DOCTORATE OF EDUCATION
Faculties of education typically offer several different types of degrees. For instance:
- Bachelor’s of education
- Master of education
- Master of arts in education
- Master of arts in teaching
- Doctorate of education
- Doctorate of philosophy in education
Doctoral students pursuing a doctorate of education and doctorate of philosophy in education sometimes share common research interests, but the degrees are characterized by different expectations and outcomes. A doctorate of philosophy in education is designed for people who wish to carry out educational research, and teach at the university level. For this reason, the degree’s expectations more or less follow those of any other doctoral level program in the arts. By contrast, a doctorate of education, or EdD, is designed to prepare people for leadership roles in education. For this reason, EdDs are usually pursued by individuals who ultimately wish to apply their expertise in a school setting.
Degree Requirements for a Doctorate of Education
In most cases, incoming EdD candidates already hold a bachelor of arts or bachelor of education and master of arts or master of education. Typically, they have written the GRE or GMAT and achieved above average verbal and quantitative scores (notably, for candidates interested in policy or measurement research, quantitative scores may be given equal or higher weight by admissions committees). Finally, in the case of EdD programs, it is usually assumed that incoming candidates have substantial experience working as teachers and administrators, usually in a public school environment.
Once accepted to an EdD program, candidates should be prepared to complete additional graduate coursework in education. In most programs, they are also expected to study for, and successfully write and defend, one or more field exams in their chosen area of specialization. With few exceptions, they are expected to write and defend a dissertation.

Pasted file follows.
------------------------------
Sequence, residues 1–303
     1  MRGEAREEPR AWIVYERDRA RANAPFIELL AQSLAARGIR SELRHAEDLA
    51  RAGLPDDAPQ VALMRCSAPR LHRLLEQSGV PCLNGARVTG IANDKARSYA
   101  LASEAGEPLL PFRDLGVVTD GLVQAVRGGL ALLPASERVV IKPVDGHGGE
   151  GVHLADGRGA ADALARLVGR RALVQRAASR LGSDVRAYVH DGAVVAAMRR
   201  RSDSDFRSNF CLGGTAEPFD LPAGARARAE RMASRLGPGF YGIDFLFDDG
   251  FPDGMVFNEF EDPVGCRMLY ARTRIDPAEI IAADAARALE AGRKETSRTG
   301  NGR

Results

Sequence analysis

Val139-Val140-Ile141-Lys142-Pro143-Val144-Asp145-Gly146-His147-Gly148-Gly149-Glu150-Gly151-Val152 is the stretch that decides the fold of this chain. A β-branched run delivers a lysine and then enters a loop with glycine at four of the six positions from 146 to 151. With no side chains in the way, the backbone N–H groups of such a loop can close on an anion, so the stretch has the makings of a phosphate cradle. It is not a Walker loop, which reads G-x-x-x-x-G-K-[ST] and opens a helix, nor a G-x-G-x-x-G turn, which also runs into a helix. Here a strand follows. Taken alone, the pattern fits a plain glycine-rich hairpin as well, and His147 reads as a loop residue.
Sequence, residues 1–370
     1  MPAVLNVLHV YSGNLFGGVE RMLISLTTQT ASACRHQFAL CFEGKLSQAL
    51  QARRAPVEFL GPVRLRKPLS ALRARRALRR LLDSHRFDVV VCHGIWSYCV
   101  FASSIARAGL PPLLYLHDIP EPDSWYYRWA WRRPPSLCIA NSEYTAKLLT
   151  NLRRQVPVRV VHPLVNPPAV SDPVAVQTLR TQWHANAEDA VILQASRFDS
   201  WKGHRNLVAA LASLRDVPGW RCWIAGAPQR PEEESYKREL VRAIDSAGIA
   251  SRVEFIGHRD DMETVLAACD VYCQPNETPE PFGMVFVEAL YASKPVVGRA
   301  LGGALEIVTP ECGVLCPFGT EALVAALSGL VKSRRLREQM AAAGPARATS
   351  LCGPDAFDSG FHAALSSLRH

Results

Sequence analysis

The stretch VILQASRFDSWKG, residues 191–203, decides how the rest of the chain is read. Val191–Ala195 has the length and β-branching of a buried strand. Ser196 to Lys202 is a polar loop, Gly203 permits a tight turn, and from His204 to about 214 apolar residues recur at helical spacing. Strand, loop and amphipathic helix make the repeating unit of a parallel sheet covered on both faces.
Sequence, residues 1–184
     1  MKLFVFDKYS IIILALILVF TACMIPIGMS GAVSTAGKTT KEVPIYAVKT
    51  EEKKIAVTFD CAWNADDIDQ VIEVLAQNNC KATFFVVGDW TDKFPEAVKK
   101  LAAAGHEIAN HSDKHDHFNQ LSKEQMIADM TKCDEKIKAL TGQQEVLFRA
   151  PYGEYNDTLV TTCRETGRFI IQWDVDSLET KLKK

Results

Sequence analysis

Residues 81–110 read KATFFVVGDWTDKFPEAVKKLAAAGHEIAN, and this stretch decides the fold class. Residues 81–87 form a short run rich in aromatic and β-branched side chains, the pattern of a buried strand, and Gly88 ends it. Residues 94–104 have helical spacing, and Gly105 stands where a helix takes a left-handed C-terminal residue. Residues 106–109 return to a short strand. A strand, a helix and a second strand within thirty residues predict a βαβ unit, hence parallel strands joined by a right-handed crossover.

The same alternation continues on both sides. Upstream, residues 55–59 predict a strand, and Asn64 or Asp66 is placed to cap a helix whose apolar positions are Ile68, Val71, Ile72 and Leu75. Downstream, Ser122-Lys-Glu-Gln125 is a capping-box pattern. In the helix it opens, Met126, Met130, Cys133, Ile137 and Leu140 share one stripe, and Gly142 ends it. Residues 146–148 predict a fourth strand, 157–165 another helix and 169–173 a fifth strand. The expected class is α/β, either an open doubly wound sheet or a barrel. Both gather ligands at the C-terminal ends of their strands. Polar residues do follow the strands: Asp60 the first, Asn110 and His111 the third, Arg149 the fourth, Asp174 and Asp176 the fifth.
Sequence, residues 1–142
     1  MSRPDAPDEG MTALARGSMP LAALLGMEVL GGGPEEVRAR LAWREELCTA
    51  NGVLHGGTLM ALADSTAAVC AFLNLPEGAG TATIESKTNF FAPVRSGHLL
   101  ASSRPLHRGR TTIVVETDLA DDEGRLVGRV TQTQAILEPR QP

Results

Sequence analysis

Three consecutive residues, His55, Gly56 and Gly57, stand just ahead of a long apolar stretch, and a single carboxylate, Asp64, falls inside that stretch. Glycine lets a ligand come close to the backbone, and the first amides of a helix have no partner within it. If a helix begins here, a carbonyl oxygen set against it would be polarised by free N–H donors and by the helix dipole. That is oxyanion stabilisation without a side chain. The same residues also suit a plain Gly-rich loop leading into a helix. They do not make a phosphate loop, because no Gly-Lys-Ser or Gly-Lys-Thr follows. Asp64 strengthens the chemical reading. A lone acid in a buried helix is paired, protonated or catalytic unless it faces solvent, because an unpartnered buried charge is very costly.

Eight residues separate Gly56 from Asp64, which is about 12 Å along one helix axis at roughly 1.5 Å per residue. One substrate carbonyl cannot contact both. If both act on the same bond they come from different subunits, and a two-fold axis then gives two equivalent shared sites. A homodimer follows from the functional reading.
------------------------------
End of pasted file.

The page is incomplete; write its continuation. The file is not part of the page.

Because EdD programs train people to assume leadership roles in education, coursework may include courses in educational policy or quantitative or qualitative research, as well as courses more often found in business programs (courses on topics such as change management or change leadership). Dissertation topics tend to focus on policy issues or offer detailed case studies of specific educational initiatives.
Since EdD candidates tend to be older than the average graduate student, and many already hold full-time positions as teachers or school principals, EdD programs sometimes provide candidates with the option of pursuing their doctoral studies on a part-time basis, or in a flexible format (courses may be offered in the evenings, on weekends, or as intensive coursework in the summer months when most teachers and principals are not working). In some cases, EdD programs expect candidates to complete fewer courses than PhD candidates, or conversely, they require EdD candidates to complete more courses, but to complete a capstone project rather than a dissertation.
Areas of Specialization
The American Educational Research Association (AERA), the largest and most important academic society for educational researchers in the US, is divided into twelve major scholarly and scientific areas. Historically, researchers with EdDs, and those pursuing EdDs have been most highly concentrated in five AERA areas:
- Administration and leadership
- Assessment and evaluation
- Politics and educational policy
But, EdDs are by no means confined to these areas, nor are PhDs excluded from them. In recent years, there are been a growing debate in the education field about whether or not the distinction between a EdD and PhD in education, is valid or even necessary. In 2012, for example, Harvard Graduate School of Education announced that it was phasing out its EdD program, but maintaining a recently established doctorate in educational leadership program.
While the distinction between the EdD and PhD in education is often difficult to define, the Harvard School of Education believes that their new EdLD is not only distinct from its PhD in focus and expectations, but carries a degree of rigor on par with applied programs in other fields, such as law and business.
Careers Outlook for a Doctorate of Education
People with EdDs typically end up acquiring full-time leadership positions in the school system. Many EdDs obtain work as vice-principals, principals, school superintendents, or educational consultants. Other EdDs go on to work for government or non-governmental organizations where educational researchers are in demand, such as the US Department of Education, The College Board or Common Core Standards Initiative. EdDs who have specialized in higher education often assume leadership roles within colleges and universities, such as assistant dean, associate dean or associate provost positions.